From the Field: Bill Buck in Cape Horn 2013, Day Six
Not too surprisingly after yesterday’s physical exertion, we are all slow to get up this morning. Much to my delight, I am not nearly as stiff as I had expected I might be, but several others are. After a leisurely breakfast, I offer two options to the group, go into the field in the morning and the afternoon, or spend the morning processing the previous day’s collections–since no one did that last night. I am the only one to stay on the ship. I want to insure that the Serka Glacier collections are dry, or at least on the dryer, before gathering more. Being the only scientist to stay on the ship, I am able to process all 90 of yesterday’s collections; get them on the dryer; empty the dryer of earlier, now dry collections and move them to the engine room for storage; and catch up on the blog.
The weather is incredible. Yesterday it was sunny for most of the day–a sun-block day for sure–and it is mostly sunny today. I’m sure it is the nice weather that has lured the rest of the group into the field. While I am waiting for the group to return for lunch, I am able to take advantage of a hot shower. It’s amazing how luxurious such a simple pleasure can be under the right circumstances.
In the afternoon I go into the field. I spend several hours slowly working my way along the base of a cliff, and then into a forest which has previously been disturbed by a landslide. There must be something about southern beech wood, coupled with the climate, that results in decorticated logs lasting many years with no apparent rot. This proves to be one of few opportunities to collect specimens from decaying logs. I am able to collect a number of bryophytes and lichens which I have not seen previously, or only rarely.
With the austral summer, it stays light here at this time of year until around 11 p.m. So even though it is now 7 p.m., it seems like full daylight and most of our group probably will not come in from the field for another hour. With the glorious weather of the last two days we haven’t needed to wear as many field clothes. Today it is substantially warmer than usual and the only rain was a brief shower in the morning. It has been nice not being encumbered by the typical bulky rain gear, however I don’t anticipate this weather to hold.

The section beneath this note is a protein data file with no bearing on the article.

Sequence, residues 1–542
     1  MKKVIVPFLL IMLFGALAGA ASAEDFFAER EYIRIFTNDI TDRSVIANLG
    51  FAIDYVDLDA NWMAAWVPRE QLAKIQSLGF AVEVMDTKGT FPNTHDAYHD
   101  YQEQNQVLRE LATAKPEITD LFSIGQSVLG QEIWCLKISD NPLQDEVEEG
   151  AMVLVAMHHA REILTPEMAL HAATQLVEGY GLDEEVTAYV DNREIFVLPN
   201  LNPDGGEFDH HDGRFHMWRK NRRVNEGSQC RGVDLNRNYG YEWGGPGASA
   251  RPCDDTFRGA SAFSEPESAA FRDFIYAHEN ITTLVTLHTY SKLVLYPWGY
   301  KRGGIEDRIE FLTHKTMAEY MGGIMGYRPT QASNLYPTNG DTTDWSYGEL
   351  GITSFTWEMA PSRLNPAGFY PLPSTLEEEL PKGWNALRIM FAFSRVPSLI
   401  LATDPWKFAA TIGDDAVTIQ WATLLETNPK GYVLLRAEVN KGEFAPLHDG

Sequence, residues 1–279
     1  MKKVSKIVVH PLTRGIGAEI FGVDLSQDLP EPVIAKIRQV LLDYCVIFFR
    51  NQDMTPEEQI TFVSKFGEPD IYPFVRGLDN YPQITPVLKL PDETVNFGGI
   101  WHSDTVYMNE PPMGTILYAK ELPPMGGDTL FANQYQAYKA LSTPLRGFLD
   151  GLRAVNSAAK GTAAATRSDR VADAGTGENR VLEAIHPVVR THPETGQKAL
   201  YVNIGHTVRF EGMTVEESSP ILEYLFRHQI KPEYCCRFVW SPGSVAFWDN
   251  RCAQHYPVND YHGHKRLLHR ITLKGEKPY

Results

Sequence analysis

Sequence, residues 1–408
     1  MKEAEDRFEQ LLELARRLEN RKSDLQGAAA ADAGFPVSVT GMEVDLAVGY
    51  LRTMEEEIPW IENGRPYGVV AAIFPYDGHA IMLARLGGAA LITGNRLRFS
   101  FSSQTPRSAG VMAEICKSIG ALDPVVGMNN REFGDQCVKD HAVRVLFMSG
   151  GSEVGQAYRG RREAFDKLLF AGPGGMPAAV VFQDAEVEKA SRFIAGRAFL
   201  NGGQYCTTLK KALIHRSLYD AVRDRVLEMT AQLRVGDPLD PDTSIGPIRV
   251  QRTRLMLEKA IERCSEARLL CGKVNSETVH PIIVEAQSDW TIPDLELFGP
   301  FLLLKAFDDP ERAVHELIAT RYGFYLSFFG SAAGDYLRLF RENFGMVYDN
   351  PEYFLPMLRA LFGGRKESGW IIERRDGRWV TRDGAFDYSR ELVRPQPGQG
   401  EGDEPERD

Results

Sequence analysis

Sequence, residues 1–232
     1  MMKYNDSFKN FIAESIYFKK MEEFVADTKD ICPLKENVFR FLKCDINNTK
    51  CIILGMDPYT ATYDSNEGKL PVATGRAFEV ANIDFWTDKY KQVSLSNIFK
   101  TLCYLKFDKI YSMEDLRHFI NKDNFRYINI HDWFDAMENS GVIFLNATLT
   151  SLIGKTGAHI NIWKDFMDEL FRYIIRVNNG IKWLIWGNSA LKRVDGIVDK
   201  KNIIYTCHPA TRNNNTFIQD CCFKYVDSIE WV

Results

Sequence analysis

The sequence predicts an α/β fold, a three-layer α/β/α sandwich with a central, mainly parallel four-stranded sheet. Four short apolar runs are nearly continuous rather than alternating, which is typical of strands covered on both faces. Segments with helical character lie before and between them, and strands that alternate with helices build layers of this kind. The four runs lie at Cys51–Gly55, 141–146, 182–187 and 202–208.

Sometime last night the ship stopped and purchased a whole, cleaned lamb. The carcass was hanging on the deck when we got up this morning. After lunch it was dismembered with a hacksaw in preparation for cooking. The crew decided a barbeque was the best way to prepare it, and so built a fire on shore and began roasting the lamb. We are having more of these exotic experiences on this expedition than on previous ones. Although Niels and I did not partake in the lamb, the barbecue was one more chance to enhance the field experience for the others. It was a big hit and even the Chileans were making jokes about the Flintstones because of the huge portions of meat they were serving. The night was made even more special when a sea otter came quite close to the beach where we were enjoying the evening.
In the night we move to Bahía Helada (Frozen Bay!) for our next collecting sites. We will probably stay here for two days since it is such a large area and has been recommended to us as a potentially rich bryophyte locality.
Ed. note: NYBG scientist and Mary Flagler Cary Curator of Botany, Bill Buck has just returned from his annual expedition to the islands off Cape Horn, the southernmost point in South America, to study mosses and lichens. For the past two years he was able to file stories from the field, but this year’s locations proved so remote he was forced to wait until his return. We will be publishing them over the course of several days. Follow his journeys on Plant Talk.
Bill Buck’s Previous Reports From the Field: